Natural Search Blog


Guerilla Marketing & Google Maps

My article on “Six Odd Tactics For Getting Ads Into Google Maps” posted today on Search Engine Land, and I believe many of my regular readers should find it moderately entertaining. The piece covers how some elements of guerrilla marketing have found their way into some Google Maps advertising patents, and also how some others have used creative means to get messages into Maps via “roofvertising”, “skywriting” and more.

Google in Digital Graffiti

Those familiar with Natural Search Blog may remember some of my similar past work here outlining laser graffiti ads on buildings, roofvertising, marriage proposals in Google Maps, “earth art” geoglyph ads, and sponsoring town names as an Ultimate Local SEO tactic.

It’s not surprising to see guerilla marketing tactics finding their way into Google Maps. Not only does Google itself seek to introduce disruptive technology innovations, but I expect that as Satellite and Aerial photos may get more frequently updated in such interfaces we’ll be bound to see a whole lot more efforts from people trying to get messages conveyed through the Maps interfaces.

The real question I’m left with, is if Google resells ad space on pictures of people’s rooftops and billboards, would they owe anything back to the original property owners?!?

SEO Followed By Website Optimization – Beat Your Competition

As search marketers, most SEO professionals are focused on the optimization aspects (both on page and off page) that will help a site achieve top rankings in the SERPs of the major search engines. The complexity of achieving top rankings increases by the day with the algorithms focusing more and more on factors that cannot be manipulated by a site owner/webmaster.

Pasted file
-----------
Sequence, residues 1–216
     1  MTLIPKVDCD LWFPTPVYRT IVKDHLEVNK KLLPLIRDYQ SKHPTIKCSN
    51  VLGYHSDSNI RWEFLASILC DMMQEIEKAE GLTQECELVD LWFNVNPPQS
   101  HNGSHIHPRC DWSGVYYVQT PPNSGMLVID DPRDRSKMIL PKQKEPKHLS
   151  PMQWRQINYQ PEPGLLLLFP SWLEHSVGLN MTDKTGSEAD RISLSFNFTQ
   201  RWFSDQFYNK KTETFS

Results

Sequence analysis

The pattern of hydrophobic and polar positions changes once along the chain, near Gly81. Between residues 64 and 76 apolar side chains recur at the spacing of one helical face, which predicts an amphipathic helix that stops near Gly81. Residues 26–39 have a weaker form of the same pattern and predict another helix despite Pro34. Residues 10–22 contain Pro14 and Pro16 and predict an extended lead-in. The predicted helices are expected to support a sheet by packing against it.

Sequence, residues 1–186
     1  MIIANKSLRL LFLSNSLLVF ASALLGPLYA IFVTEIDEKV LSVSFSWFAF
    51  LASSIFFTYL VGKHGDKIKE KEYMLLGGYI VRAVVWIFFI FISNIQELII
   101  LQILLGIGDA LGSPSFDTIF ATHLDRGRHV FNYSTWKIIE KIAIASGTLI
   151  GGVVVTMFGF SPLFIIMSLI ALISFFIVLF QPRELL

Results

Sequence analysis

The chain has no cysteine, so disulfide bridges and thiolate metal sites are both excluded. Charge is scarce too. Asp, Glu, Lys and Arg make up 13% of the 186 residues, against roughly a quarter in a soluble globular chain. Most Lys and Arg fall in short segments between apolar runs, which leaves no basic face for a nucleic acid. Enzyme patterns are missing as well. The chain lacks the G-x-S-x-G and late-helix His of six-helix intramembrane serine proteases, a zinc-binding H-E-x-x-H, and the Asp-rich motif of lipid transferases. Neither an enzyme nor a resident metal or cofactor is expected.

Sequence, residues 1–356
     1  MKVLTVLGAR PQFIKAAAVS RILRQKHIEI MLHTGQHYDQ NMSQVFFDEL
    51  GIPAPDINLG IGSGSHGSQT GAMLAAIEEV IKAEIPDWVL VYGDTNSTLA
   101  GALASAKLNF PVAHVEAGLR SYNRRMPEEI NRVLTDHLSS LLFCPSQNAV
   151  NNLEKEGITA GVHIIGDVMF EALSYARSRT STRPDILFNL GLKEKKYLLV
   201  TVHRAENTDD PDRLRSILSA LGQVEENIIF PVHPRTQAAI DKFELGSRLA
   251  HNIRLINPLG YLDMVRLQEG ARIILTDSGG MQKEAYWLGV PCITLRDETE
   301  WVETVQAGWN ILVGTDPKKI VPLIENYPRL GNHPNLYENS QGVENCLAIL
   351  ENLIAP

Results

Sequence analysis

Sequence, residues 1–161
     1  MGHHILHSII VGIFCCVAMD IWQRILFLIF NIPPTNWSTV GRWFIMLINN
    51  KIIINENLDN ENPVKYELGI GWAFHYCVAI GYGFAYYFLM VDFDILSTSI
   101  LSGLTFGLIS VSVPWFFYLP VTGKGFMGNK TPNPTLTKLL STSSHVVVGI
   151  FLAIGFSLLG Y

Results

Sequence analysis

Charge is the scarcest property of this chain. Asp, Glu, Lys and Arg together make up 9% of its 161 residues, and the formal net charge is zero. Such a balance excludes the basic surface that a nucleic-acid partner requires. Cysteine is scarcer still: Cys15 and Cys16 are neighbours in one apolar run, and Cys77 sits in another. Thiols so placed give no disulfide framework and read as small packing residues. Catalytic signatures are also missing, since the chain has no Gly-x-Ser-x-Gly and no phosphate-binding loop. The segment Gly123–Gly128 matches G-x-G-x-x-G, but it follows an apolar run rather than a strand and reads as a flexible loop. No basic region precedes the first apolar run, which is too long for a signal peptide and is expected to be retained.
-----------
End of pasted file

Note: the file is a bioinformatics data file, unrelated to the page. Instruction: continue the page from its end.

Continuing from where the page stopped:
In this scenario, it is imperative that a site owner with a fairly new site maximizes her chances of retaining as many visitors to her site as possible by giving them an opportunity to communicate with her site through a comment on her blog, leaving feedback or collecting the visitor’s email address.

This will allow her to sell products/services on the backend through email marketing. This is where website optimization techniques coupled with solid SEO strategy can pay huge dividends in the long run.

(more…)

Social Media Costs … More Than Just ROI Calculations

Social media costs. Yes it does. One way or another, there is a cost that is (or should be) associated with social media efforts. Determining and measuring that cost isn’t the easiest thing in the world, but if you took the time to determine your Social Media Marketing Goals and established metrics for Social Media Measurement, then you are well on your way to understanding the financial (and resource) impact of social media.

Why are social media costs so challenging to measure? Social media is about more than just ROI. Unlike areas of a business that have very specific and direct cost and revenue associations, social media costs are a combination of your goals, metrics, direct costs and time; of which, many of these may actually be soft measurements. (more…)

Local Store Inventories Might Help Yellow Pages SEO

In an article posted on Search Engine Land this morning, I outline how Google Maps are increasingly appearing for keyword searches, reducing referral traffic to internet yellow pages. In a brief companion piece, I also mention how embattled yellow pages should step-up their SEO game. If Google Trends is truly indicative of a sea-change that is hitting online yellow pages sites, then they must do something about it:

Top IYPs & Business Directory Sites
Natural Search Performance of Top Yellow Pages Sites in Google

(Click to enlarge) (more…)

Flickr *IS* Good for Search Marketing – Despite Naysayers!

I’ve seen a recent article or two claiming that Flickr can no longer be leveraged for SEO purposes. As frequent readers here know, I’ve long been a proponent of using Flickr, both for its great Web 2.0 features, but also for its marketing/promotional value. I’m sure I’m one of the people that article writer was thinking of when he mentioned hearing recommendations for use from other articles and search marketing conferences.

Flickr can still be a valuable source of internet promotion, and a great tool for the purposes of Image Search Optimization. Read on and I’ll explain. (more…)

Dan Heath, 5th Keynote at SES San Jose 08

Dan Heath, one of the co-authors of the book, “Made to Stick“, spoke on the last day of the Search Engine Strategies conference, last week. Dan is a Consultant to the Policy Programs for the Aspen Institute.